For Whom the Bell Tolls
by Ernest Hemingway
El Sordo (real name: Santiago) is a well-weathered warrior, getting on in years (partially deaf – El Sordo actually means "the deaf one"), but still tough as nails. Like Anselmo, he likes to hunt, but unlike Anselmo, he seems to view war as a type of hunting, not something totally different. Which means he can enjoy war. The members of Pablo's band who can be trusted say he's about as solid a fighter as you could wish for, and leads a group that's much better than Pablo's own.
Sordo's brave as a bull, and willing to do whatever is necessary for the cause; he and Pilar seem to have a similar degree of dedication, and fatalism, about them, and they clearly deeply understand each other. He's also perceptive, quick to realize that the Republicans are planning an offensive, that the fascists know about it, and that Robert Jordan's mission will most likely be fatal.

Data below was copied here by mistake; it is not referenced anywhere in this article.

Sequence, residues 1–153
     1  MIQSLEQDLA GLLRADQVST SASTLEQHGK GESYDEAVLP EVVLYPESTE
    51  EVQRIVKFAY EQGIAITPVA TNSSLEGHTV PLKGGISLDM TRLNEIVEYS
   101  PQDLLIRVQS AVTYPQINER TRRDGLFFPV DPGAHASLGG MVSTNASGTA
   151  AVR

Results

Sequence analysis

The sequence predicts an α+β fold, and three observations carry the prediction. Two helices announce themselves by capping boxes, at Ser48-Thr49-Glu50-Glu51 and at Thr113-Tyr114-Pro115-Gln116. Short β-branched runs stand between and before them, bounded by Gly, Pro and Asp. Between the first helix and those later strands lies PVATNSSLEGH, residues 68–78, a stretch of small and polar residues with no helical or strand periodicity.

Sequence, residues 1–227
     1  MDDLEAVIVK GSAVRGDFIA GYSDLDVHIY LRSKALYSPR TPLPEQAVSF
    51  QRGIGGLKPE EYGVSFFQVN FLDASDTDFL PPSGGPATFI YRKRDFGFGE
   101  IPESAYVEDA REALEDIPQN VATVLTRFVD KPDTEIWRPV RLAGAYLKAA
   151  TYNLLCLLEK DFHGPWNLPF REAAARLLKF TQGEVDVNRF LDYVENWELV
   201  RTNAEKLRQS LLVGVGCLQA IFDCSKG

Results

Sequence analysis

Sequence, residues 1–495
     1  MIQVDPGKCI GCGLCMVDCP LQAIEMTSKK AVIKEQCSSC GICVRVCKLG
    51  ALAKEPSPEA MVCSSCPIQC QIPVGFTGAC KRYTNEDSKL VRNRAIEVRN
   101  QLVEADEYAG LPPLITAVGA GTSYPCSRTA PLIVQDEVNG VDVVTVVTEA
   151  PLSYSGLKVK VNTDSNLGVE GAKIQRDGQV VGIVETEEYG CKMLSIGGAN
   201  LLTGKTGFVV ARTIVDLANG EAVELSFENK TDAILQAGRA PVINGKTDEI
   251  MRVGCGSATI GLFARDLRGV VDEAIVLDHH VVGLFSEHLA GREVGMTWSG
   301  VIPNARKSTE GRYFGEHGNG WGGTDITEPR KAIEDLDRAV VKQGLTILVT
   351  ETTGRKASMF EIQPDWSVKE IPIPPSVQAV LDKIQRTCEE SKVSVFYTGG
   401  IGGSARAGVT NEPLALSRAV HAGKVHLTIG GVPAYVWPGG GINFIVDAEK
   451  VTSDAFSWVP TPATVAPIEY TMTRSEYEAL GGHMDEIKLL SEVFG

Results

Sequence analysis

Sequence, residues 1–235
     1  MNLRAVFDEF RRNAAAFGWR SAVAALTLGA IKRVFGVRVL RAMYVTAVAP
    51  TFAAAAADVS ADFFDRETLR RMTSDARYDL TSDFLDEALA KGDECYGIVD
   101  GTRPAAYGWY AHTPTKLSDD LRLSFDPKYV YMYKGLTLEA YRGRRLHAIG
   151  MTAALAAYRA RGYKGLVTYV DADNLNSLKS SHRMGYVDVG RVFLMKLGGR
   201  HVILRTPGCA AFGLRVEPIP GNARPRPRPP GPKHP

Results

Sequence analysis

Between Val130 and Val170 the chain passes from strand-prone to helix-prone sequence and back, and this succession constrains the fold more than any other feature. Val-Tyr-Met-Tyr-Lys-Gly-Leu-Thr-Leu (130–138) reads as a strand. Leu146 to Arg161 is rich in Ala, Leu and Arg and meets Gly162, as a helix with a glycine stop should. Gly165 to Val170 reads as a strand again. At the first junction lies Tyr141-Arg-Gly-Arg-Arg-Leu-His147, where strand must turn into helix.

Oh, and one last little but important thing: he's got a winning Spanish sense of courtesy, which makes Robert Jordan an El Sordo fan pretty fast. Even when he's about to embark on an operation with massive likelihood of death, El Sordo goes to the special trouble of bringing his American guest a bottle of whiskey.
With all of those credentials, we think El Sordo should get his own superhero spinoff. Alas, we don't get to see that. But we do get to see one heck of a great last stand scene from El Sordo.